Good luck with that, and keep me updated to your progress.

brad

aimee's picture

Sound advice.

Bradleymewes, your comment on lacking objective is spot on! In October I completed my section of the project and was begining to look around and go for interviews... then the PM requested that I run another section of the project through to April... but In my mind my job was done.

Len's comments on professionalism is what will push me across the finish line.

I find it difficult to motivate myself in easy, unchallenging roles- I absolutely thrive under pressure situations and challenges...

So, I herby challenge myself to motivate.. err myself. I will go on to complete the project, and I will make the most of my professional relationships during the next 4 months, to ensure that I leap off on a good foot.

Lets see, 4 months - christmas - new year - weekends = about 75 working days.

Aimee
Sydney, Australia

ctomasi's picture

Aimee,

I can sympathize with you. I was in your position about 18 months ago. I agree with the others... stick with it and give it your best effort. You never know what's around the corner.

I was an unhappy, unproductive Sys Admin trying to be a Project Manager for a couple months. I was starting to job search when suddenly my boss was fired and the IT Manager position was available. Had it not been for those two bad months where I stepped forward and tried my best I may not be the happy IT Mgr I am today.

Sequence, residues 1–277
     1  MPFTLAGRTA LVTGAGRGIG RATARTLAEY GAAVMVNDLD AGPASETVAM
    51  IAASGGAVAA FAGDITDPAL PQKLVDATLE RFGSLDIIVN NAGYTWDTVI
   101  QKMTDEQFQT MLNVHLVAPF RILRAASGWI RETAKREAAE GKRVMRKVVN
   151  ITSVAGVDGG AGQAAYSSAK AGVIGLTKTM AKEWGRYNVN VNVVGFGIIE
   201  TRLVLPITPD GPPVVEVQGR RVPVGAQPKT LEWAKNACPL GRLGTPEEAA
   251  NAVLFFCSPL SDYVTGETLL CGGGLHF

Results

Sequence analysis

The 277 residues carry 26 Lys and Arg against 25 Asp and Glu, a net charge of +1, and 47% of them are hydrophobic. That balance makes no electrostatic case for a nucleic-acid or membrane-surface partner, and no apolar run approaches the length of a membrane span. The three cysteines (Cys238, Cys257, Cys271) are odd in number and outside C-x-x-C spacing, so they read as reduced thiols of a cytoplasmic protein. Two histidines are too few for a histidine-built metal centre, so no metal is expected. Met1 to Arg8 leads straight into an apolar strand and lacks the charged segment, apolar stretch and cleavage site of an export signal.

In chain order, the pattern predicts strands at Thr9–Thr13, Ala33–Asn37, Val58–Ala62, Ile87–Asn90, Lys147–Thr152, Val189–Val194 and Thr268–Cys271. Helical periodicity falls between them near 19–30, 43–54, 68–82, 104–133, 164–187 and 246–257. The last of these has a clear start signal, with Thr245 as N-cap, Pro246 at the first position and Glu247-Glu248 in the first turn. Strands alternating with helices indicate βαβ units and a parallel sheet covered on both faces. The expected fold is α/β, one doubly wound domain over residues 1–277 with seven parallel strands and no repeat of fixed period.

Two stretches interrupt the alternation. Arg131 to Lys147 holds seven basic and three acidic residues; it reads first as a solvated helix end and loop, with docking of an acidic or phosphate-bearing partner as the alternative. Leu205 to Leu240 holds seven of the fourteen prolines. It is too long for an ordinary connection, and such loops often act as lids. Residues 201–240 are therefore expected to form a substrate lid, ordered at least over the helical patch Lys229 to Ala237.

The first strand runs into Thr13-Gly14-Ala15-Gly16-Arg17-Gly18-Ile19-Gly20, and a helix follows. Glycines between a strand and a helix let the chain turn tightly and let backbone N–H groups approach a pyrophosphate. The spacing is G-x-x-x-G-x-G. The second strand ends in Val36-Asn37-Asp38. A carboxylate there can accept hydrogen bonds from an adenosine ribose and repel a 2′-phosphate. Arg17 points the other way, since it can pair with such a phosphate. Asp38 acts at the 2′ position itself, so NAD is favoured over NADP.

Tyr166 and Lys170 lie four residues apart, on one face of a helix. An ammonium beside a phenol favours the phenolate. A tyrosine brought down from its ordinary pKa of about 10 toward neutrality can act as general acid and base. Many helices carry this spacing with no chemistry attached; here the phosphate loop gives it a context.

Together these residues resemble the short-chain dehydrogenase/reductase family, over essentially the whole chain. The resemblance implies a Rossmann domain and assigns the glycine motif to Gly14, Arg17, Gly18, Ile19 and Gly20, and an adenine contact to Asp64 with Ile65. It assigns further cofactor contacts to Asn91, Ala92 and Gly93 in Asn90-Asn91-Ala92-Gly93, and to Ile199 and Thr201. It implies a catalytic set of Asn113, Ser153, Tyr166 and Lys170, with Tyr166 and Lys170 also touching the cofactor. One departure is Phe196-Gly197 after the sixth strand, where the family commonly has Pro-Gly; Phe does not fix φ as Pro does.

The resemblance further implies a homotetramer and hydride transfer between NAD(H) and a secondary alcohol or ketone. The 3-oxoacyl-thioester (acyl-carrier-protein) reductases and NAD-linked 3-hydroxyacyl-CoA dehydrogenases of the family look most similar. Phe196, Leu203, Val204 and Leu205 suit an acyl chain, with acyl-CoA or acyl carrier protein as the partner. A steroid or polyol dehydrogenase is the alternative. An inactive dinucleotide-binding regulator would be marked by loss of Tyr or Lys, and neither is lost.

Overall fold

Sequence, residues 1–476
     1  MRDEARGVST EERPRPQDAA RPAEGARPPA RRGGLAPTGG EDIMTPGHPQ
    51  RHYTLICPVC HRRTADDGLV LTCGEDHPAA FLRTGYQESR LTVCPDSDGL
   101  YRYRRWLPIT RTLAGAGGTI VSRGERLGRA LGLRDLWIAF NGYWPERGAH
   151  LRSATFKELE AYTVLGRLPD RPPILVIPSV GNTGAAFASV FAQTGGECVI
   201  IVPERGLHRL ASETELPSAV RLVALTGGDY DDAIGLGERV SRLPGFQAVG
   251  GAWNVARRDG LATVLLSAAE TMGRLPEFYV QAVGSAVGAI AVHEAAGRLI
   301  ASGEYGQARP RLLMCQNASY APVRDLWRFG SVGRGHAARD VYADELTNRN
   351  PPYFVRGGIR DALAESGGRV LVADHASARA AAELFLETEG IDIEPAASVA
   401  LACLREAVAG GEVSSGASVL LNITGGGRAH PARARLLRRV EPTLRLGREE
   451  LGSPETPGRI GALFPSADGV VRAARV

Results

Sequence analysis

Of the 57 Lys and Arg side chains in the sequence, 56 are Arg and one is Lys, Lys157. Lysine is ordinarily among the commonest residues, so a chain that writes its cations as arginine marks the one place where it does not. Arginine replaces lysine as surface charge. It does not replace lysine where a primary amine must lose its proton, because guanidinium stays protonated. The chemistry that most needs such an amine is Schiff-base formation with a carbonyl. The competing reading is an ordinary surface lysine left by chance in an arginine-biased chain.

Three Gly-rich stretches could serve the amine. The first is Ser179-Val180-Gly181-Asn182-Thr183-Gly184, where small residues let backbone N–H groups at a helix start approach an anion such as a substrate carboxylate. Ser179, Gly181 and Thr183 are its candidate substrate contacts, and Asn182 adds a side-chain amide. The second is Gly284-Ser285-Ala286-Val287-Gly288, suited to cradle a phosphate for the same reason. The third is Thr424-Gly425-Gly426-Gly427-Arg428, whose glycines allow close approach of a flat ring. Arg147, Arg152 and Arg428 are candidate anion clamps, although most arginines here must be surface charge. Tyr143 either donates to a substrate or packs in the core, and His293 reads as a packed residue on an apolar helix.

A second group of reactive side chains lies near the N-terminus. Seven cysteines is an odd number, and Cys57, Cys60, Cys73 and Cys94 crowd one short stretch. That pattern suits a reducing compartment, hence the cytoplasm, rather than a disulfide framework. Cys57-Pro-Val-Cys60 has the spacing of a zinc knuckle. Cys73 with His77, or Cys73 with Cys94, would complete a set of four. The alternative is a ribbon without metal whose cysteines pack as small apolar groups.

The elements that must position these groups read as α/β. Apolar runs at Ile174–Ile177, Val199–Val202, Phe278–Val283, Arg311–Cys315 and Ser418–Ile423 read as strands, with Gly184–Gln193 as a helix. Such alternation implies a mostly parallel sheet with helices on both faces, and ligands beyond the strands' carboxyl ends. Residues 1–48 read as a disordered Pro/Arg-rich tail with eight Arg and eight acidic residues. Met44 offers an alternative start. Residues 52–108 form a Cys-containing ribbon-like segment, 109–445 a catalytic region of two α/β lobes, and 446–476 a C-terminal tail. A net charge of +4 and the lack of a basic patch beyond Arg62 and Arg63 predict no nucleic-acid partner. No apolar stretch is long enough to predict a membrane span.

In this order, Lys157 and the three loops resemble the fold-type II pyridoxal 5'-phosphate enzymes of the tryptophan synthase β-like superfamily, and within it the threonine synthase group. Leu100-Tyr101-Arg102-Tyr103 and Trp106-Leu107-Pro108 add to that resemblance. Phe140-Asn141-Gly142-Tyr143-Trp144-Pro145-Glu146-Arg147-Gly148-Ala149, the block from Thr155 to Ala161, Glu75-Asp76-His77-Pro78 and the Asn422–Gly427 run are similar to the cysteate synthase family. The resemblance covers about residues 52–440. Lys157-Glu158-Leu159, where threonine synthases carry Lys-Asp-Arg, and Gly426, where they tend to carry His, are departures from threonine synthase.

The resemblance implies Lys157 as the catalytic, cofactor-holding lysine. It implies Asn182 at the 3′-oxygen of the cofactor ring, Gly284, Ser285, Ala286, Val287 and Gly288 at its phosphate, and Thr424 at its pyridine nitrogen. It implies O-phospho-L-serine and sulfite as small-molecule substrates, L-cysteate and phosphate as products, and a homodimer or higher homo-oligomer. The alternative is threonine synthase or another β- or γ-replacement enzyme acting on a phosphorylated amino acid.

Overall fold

Perhaps some communications are in order with your PM and Manager? Have you talked to them? Do you have O3s? Perhaps they know opportunities to keep you motivated.

Gareth's picture

Don't you feel a successful end to the project would be an ideal foundation to fire into something new?

aimee's picture

Gareth, I do agree.

Ctomasi, opportunities are limited where I currently work- but then again you never know!

By the way, I haven't heard of an O3 :?:

Aimee
Sydney, Australia

ctomasi's picture

O3 = One-on-One meeting. Sorry. My geek status is showing through again.

aimee's picture

Cool, thanks for that. Your geek status is nothing to be ashamed of here, I think everyone has a bit of geek in them (some more than others). Although I see the force is strong with you. :wink:

Aimee
Sydney, Australia

Mark's picture

Nice work folks. Good advice for a fellow member.

Aimee-

Character is not what you take into a trial- it is what you bring out of it.

Work hard. Head down. Set an example. Deliver great results as part of your marketing plan if you choose to sell your services to someone else.

We don't pay you to be motivated, we pay you for results. The BEST people get great results even WHEN they've lost their mojo.

"Motivation" is a selfish and modern word. "Professionalism" is the watchword for top performers.

Mark